Acacia Supports Women in Leadership at Simmons Conference

By Lisa Crewe | Posted on April 17, 2019

Acacia Communications had a strong presence at this Year’s Simmons Leadership Conference, which is considered to be the premier women’s leadership conference in the world. The theme this year was Designing Success, focusing on the need for constant adaptation and reinvention in our increasingly fast-paced world. It was inspiring to be among such a diverse range of exceptional women leaders, each with their own fascinating stories about defining their own measure of success. The conference was a reminder of how much women have achieved professionally and showcased some incredible stories of endurance, determination and guts!

Acacia Leadership Womens ConferenceThe team representing Acacia at the Simmons Leadership Conference

My favorite talk was by Susan O’Malley, American Sports Executive. I found it so impressive that she was running a national sports franchise at age 29. I think her Seven Rules can benefit everyone, so I’ll share those below:

  1. Make your bed every day
  2. Always work on your craft
  3. Set expectations
  4. When you mess up; make it right
  5. Do the right thing – even when no one is looking
  6. Have fun
  7. People make the difference

I was proud to attend the conference with the strong group of women we have at Acacia. Each one of us was impacted in a different way. Here’s what some of my colleagues had to say:

Janene Asgeirsson, Chief Legal Officer and Secretary

“Julia Gillard, the former Prime Minister of Australia, was my favorite speaker of the day. Her suggestions on how to accelerate the rate of change were powerful: recognizing unconscious bias and checking and correcting our own judgments towards other women; making a point to involve men in the conversation and journey; and shifting the conversation away from “gender wars” and playing the “gender card” which tends to stop the conversation and thereby benefiting the people who are engaging in the discrimination in the first place. As she noted, gender issues are hard and require a lot of work.”

Nancy Trout, Talent Acquisition Leader

“I was impressed by the diversity of the women who presented both as keynote speakers and in the breakout sessions. There were so many different professional fields represented as well as nationalities and ages and all had a common theme – they defined their own success, led by example and encouraged others to do so. There were many messages and examples I heard and experienced throughout the day supporting that theme that I will keep with me. I was happy to share such a great day surrounded by the smart, funny women of Acacia.”

Tina Galanti, Senior SQA Engineer (System Quality Assurance)

“During Julia Gillard’s speech, I was struck by the university study she referenced titled “What’s in a Name: Exposing Gender Bias in Student Ratings of Teaching.” This study was a blind online teaching experiment showing the subtle hidden gender biases we all carry around with us. During this study, the same instructor received different ratings depending solely on their perceived gender. Regardless of actual gender or performance, students rated the perceived female instructor significantly more harshly than the perceived male instructor, which suggests that a female instructor would have to work harder than a male to receive comparable ratings. The results of the study indicate that the bias observed was not a result of gendered behavior on the part of the instructors, but of actual bias on the part of the male and female students.”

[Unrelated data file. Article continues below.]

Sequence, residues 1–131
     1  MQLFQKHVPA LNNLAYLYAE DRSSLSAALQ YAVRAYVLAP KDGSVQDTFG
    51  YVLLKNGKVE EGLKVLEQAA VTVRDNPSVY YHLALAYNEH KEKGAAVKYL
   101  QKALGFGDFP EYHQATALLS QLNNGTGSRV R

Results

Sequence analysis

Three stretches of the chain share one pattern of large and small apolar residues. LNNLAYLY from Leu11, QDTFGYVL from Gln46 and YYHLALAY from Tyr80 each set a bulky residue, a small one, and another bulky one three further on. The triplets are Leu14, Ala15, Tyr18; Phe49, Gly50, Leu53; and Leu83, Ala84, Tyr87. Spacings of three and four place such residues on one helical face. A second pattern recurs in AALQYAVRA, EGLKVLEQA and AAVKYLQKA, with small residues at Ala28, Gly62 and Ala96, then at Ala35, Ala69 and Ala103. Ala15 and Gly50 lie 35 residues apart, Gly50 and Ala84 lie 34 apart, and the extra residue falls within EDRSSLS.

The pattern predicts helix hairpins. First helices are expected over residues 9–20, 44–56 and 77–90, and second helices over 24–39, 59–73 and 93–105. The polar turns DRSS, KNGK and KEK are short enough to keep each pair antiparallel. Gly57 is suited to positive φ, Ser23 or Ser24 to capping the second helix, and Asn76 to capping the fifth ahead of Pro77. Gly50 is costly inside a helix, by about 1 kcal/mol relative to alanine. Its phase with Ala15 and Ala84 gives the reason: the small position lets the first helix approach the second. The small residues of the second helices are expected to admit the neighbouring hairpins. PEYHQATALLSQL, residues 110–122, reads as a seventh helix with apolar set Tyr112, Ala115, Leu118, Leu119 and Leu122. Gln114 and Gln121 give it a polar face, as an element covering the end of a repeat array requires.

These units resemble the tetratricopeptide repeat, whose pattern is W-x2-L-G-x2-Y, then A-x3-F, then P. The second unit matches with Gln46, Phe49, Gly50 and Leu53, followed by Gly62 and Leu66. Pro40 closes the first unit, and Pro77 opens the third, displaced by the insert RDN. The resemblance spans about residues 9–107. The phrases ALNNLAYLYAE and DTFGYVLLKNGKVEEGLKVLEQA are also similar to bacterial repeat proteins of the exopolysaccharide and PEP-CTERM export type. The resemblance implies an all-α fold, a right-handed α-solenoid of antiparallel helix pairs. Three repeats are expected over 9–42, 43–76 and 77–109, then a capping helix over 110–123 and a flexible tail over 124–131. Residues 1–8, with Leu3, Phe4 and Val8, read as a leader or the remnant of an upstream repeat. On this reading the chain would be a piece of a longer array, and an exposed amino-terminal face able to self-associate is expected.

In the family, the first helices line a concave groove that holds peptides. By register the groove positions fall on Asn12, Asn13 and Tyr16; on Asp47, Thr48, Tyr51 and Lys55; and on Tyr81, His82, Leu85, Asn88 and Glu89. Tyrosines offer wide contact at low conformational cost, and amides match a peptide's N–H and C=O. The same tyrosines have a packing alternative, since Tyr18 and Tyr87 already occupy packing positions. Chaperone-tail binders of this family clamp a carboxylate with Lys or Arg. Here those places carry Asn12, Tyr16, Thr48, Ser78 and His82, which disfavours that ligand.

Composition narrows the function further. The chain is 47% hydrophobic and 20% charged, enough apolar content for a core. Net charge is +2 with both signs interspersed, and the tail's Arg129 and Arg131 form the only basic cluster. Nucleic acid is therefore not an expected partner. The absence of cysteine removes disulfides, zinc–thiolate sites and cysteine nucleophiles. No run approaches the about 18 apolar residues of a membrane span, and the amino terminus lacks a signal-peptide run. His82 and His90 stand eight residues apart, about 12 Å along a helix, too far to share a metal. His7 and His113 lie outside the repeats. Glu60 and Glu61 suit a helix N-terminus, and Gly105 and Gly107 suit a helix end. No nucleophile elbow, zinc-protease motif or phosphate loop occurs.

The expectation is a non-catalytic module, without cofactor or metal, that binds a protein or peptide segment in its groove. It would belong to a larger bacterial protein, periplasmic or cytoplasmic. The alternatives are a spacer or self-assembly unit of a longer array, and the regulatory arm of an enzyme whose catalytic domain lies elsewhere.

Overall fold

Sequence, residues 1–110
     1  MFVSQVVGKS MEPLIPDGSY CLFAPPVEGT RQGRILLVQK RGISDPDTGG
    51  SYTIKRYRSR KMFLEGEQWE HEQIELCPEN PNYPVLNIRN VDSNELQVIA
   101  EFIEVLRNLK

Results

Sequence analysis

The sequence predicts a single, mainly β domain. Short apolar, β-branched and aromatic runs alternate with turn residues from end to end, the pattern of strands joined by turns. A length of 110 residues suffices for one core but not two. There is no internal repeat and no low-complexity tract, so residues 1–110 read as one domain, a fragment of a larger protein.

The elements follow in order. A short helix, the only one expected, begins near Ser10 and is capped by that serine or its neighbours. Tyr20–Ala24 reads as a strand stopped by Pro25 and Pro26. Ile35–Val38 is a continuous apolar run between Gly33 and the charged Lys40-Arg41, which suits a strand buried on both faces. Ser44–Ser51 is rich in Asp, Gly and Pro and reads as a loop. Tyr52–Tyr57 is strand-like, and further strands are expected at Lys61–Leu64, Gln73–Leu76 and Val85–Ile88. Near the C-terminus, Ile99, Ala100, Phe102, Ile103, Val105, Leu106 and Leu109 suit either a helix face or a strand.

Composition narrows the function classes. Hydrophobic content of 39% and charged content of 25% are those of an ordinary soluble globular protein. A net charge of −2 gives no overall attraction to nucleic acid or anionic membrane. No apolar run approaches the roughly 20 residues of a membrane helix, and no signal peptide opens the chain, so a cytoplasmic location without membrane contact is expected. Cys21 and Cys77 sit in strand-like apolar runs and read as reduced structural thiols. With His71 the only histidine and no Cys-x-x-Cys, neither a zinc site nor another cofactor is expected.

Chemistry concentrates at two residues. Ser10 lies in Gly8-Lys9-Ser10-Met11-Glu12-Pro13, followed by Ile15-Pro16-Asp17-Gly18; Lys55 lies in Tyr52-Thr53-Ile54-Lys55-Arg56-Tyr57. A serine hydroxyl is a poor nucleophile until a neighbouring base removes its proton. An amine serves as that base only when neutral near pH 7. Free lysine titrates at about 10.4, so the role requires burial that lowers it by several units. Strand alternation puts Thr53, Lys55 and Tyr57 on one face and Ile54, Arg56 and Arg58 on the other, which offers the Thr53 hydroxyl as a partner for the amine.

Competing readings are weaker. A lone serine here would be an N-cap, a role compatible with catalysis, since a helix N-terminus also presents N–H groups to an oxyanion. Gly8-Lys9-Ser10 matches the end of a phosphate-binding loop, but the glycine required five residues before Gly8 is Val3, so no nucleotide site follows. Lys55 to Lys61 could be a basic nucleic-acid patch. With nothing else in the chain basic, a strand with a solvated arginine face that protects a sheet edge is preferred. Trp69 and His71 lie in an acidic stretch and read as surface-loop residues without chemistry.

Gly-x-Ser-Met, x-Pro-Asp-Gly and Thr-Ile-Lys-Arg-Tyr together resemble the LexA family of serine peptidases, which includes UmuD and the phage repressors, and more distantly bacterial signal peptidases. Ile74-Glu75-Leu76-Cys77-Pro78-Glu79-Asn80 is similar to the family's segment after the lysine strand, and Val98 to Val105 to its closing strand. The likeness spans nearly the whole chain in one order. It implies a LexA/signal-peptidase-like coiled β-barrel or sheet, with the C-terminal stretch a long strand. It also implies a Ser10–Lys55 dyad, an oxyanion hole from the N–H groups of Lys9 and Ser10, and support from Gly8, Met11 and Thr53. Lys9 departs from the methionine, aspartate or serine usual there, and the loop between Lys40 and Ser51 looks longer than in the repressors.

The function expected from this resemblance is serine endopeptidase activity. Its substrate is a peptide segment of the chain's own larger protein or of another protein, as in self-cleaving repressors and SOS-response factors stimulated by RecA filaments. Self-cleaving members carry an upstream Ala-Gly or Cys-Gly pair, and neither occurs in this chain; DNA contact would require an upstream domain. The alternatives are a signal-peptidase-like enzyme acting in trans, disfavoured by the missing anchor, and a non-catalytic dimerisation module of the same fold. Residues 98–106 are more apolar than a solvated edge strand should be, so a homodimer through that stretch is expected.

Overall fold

Rachelle Garcia, Reliability Engineer

“I also enjoyed the opening speech by Susan O’Malley and thought it was a great start to the day. She was humorous and engaging, and her seven rules for Leadership and Life were spoken about long after her speech was over. I particularly liked Rule 1 ‘Make your Bed’, which is the idea that motion creates motion and doing the little things right can affect the big things in your work and home life.”

Jessica Youlton, Senior Contracts Manager

“One of the biggest things that resonated with me was when Julia Gillard said, “you shouldn’t let the urgent get in the way of the important.” It’s important to remember to take more quiet time to reflect and focus on long term goals, both at work and personally. I think it’s important to carve out time when we can tune out the constant flow of “urgent” messages, so we can devote time to long term projects that keep getting pushed to the wayside.”

Namitha Mandayam-Krishnakumar, Associate Hardware Engineer

“I also thoroughly enjoyed the opening keynote speech by Susan O’Malley. Being an American sports executive who was the president of the Washington Bullets is an achievement that is applaudable and very inspirational. Two of her rules stood out to me, ‘Always strive to be better at your craft’ and ‘Have fun.’ I believe life is a learning curve and change is the only constant. Striving to better oneself to adapt will always generate positive results. The highlight of my day was taking a picture with her.”

Acacia leadership

Pauline Monteiro, Senior Software Engineer

“I found the seminar on deception to be enlightening. We all think we can spot liars because occasionally we do, but unfortunately, the statistics on lying are insanely high. For example, for married people, a lie occurs 1 out of every 10 interactions, and for people living together, it is 1 out of every five interactions. As the presenter pointed out, lying is a cooperative act and connects wishes/fantasies with reality. Power emerges when you agree to believe the lie, which means that if you are being lied to, then you are complicit.”

In summary, I think I speak for all of us Acacia ladies when I say we are already looking forward to next year’s conference. We are so fortunate to work for a company that supports our growth and development and this conference is a nice reminder of that!